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Ego vs change: ask the right questions and you'll get the right answers

Organisational change is a journey not a destination. To survive, every organisation must be prepared to change all the time. The bad news is that the speed of change is increasing. More bad news: the majority of people are not willing to change. Why?

Our ego. Our ego wants us to stay in the comfort zone, the known territory and the status quo. Our ego fools us by asking these questions when we encounter change:

1. Why do I need to change?
2. What's in it for me?
3. Why do we have to go through the trouble?
4. Will this work?
5. How difficult will it be?

Each of these questions is rooted in a belief or assumption that can be difficult to shake:

1. Everything is seems to be okay now.
2. I am happy now.
3. I am quite certain about what to do now.
4. I don't want to lose face.
5. I'm afraid I won't be able to do it.

These are fair questions if the environment is static, certain, simple and predictable. But today we are living in a world of volatility, uncertainty, complexity and ambiguity. So what do we do? We need to start asking these right questions to replace our ego questions:

1. When will this new initiative start?
2. How can I get involved in the change process?
3. How can I be an example of a change agent?
4. How can we make the change work?
5. How can we minimise disruption from the change?

These are positive, forward-looking questions based on the following rationales:

1. I am embracing change.
2. I want to be part of the future.
3. I want to make change contagious.
4. I want to make change happen.
5. I want to make the transition to change go smoothly.

What are the implications from each of these right questions?

1. I am embracing change. People who adopt this mindset are mature and aware that change is inevitable. They know that change is about attitude. Attitude is about the wisdom to make the right choice. You have two choices, each with a different outcome: a) resist now, get comfortable now and suffer in the future, or b) embrace change now with some discomfort, and things will get better in the future.

How do you demonstrate the right mindset? Be curious. What is happening in the world? Learn more about your customers, your competitors and other stakeholders. You will be surprised how little you know about the world. Seek feedback about yourself by asking your stakeholders these questions: What do you expect from me? How well am I doing? How can I serve you better?

Volunteer for a change initiative. Volunteer any strengths you have that can make a contribution, such as writing, presentation or IT skills.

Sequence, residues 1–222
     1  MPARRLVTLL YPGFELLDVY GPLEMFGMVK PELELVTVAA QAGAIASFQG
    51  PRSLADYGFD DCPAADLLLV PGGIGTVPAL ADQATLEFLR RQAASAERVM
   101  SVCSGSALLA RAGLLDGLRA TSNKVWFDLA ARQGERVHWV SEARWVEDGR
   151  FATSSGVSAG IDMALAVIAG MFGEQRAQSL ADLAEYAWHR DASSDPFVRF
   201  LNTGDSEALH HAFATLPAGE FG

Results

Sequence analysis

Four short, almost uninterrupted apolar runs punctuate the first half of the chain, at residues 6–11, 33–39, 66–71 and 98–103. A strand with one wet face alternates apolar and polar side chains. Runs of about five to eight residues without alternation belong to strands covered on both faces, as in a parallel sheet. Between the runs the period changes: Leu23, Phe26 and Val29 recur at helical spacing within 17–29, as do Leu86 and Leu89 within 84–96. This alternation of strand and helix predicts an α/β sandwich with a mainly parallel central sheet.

2. I want to be part of the future. We all know that change will make some jobs disappear. Those people whose capabilities are deemed obsolete will be unemployed. The great management theorist Peter Drucker once said: "The most effective way to manage change successfully is to create it." With that in mind, ask yourself:

- What will this organisation look like in the future?
- What will be the core capabilities of the future organisation?
- What strengths do I possess that can be useful in the future?
- How can I make other people aware of these strengths?
- What do I need to learn or develop further?
- How can I contribute now in order to help create a foundation for the future of the organisation?

3. I want to make change contagious. Organisational change requires momentum. If you have a mindset that embraces change, how can you make it contagious?

- Share your viewpoint with your peers and allies.
- Influence those who are unaware of the need for change.
- Take action and keep others informed of progress.

Being a role model for change requires courage. You will fail occasionally during the pilot phase. Be positive. Don't feel bad about failure -- fail forward.

Most people don't want to change because they are afraid of failure and the unknown, or afraid to be seen as losing face. A great change agent knows that being vulnerable is part of the process. We change, fail, grow and learn from it.

4. I want to make change happen. In most organisations, only 10% are leaders and the rest are followers. Those leaders know that in order to lead you need to have the courage to go into unknown territory and make things happen. They know that there is no ready-made manual for the unknown but they decide to lead anyway. Are you in the 10% or the 90%?

5. I want to make the transition go smoothly. People who are great change agents are aware of risk vs reward. Hence, they prepare for it by asking questions such as these:

- What could go wrong?
- How can I prevent it?
- Who should I ask about the potential risks? Who is great at anticipating risks?
- How can I maximise communication: before, during and after change?

Kriengsak Niratpattanasai provides executive coaching in leadership and diversity management under the brand TheCoach. He can be reached at Daily inspirational quotations can be found on his Facebook fan page: Previous articles are archived at